MTP law amendments set to allow abortion up to 24 weeks


Forty years after medical termination of pregnancy (MTP) was legalized in the country, access to safe abortion still remains a distant dream for many.
NEW DELHI: Fresh fears about risks to women’s health by allowing Ayush doctors to conduct abortion and ambiguity on the proposed extension of gestation period may force the government to keep the Medical Termination of Pregnancy (MTP) amendment bill out of Parliament in the upcoming monsoon session.Already embroiled in a debate on patient safety versus access to healthcare with the addition of ayurvedacharyas, homoeopaths and nurses to conduct MTP, the bill is now witnessing a new dispute with a recent a study in an international journal pointing towards “contradictory” amendments to the law posing risk to women’s health.

However, putting aside concerns over the proposed changes to the 1971 law, authorities involved in drafting the new law said the proposed amendments would extend the gestation period from 20 weeks to 24 weeks for “special categories”, which is likely to include single women with unwanted pregnancy, disabled and other vulnerable women.

Besides, the law would also allow abortion any time during the pregnancy for “selective” foetal abnormality, which cannot be detected during the 20-week gestation period.

Currently, the law allows medical abortion till 20 weeks of pregnancy.

“A law is an Act of Parliament. Once the amendment bill is passed in Parliament, the ministry will frame rules to define each and every category. Clarity will come with rules,” an official said. He added that even in case of allowing Ayush doctors to conduct medical termination of pregnancy, rules will ensure such doctors or paramedical staff receive “required training”.

The health ministry has worked out changes to the Medical Termination of Pregnancy (MTP) Amendment Bill. The revised bill proposes to allow Ayush doctors to conduct non-invasive procedures on women seeking to terminate pregnancy. The draft bill will soon be sent to the Cabinet.”We have made revisions to the earlier draft and proposed that Ayush doctors who are registered healthcare specialists be allowed to carry out non-invasive procedure, which would mean prescribing medicines etc,” a senior health ministry official told TOI.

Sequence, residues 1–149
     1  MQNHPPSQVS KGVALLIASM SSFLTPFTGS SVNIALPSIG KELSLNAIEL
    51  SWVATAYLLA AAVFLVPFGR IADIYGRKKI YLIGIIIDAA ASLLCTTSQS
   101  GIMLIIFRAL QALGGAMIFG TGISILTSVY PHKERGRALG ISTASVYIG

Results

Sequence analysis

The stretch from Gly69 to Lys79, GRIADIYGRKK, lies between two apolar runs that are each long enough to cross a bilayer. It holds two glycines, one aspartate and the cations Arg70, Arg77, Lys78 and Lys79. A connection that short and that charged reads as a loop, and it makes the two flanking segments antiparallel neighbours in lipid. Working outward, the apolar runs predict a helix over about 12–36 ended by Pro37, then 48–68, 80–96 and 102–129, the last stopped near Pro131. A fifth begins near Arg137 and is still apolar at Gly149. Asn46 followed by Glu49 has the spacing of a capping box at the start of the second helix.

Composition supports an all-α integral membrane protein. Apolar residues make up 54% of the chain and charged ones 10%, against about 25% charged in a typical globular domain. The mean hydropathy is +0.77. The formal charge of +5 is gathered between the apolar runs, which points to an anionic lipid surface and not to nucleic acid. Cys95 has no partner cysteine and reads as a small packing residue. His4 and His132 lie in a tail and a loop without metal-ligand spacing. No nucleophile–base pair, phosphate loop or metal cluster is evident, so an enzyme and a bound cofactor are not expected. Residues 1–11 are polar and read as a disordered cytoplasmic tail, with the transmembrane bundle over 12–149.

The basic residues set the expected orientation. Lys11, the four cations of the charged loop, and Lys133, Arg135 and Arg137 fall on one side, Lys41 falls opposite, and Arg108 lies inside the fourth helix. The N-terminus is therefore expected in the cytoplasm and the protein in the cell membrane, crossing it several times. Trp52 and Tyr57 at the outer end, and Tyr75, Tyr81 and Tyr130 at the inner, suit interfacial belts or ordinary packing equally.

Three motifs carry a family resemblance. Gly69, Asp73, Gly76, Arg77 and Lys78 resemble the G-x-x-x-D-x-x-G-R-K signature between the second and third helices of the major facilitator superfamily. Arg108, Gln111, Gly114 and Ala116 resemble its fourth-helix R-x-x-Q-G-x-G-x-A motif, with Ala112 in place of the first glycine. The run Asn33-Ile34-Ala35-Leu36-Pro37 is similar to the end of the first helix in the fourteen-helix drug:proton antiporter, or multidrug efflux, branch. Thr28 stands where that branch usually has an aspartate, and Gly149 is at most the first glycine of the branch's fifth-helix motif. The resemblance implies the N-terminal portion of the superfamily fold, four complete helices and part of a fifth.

Another key amendment seeks to increase the period for abortion to 24 weeks from the present 20 weeks.

The government’s proposal, originally formulated taking a cue from a study conducted by Population Council, is aimed at increasing access to safe abortion by expanding the number of healthcare providers.

Estimates show around 7 million abortions are conducted in India every year and over 50% of them are said to be illegal.

Initially, the government had decided to allow midwives and Ayush doctors to do even invasive procedures for abortion, but dropped it following mounting objections from allopathic practitioners, particularly Indian Medical Association (IMA) and Federation of Obstetric and Gynaecological Societies of India (FOGSI).

IMA, a pan India voluntary organization with a membership of 2.5 lakh allopathic practitioners, said even the latest move can put patients at risk as well as allow unethical practices and sex selective abortions.

“MTP is a procedure meant to be conducted by an allopathic doctor only. It is not possible to allow restricted practice. How will the government monitor whether a person is conducting abortion through medicine or doing invasive procedures,” says IMA secretary general Dr KK Aggarwal.

According to Dr Aggarwal, abortions by a non-MBBS doctor can lead to critical medical conditions arising out of excessive bleeding or incomplete abortions, which can be difficult to handle.

Ministry officials say FOGSI members were part of the consultations and initially supported the amendments. However, FOGSI has maintained that it changed its position after a thorough discussion.

“Expanding the number and type of providers able to legally perform abortion services, including manual vacuum aspiration (MVA) and medical abortion (MA), could greatly expand women’s access to safe abortion and save many lives each year,” Population Council said in a note on the issue.

The World Health Organisation (WHO) also seems to endorse the government’s proposal. A technical and policy guidance for health systems by WHO released in 2012 states, “Abortion care can be safely provided by any properly trained health-care provider, including mid-level providers….(e.g. midwives, nurse practitioners, clinical officers, physician assistants, family welfare visitors, and others) who are trained to provide basic clinical procedures related to reproductive health…”

Traditionally, mid-wives have played a key role in catering to urgent medical needs, especially attending to pregnant women for child delivery or even for abortion, in rural areas and villages that lacked medical facilities. Though with time government health centres and private players reached many such villages, mid-wives continue to exist and attend to many emergencies even today.

The government’s proposal to involve Ayush doctors has also found support from the women and child development ministry, National Commission for Women and other women’s groups.

 

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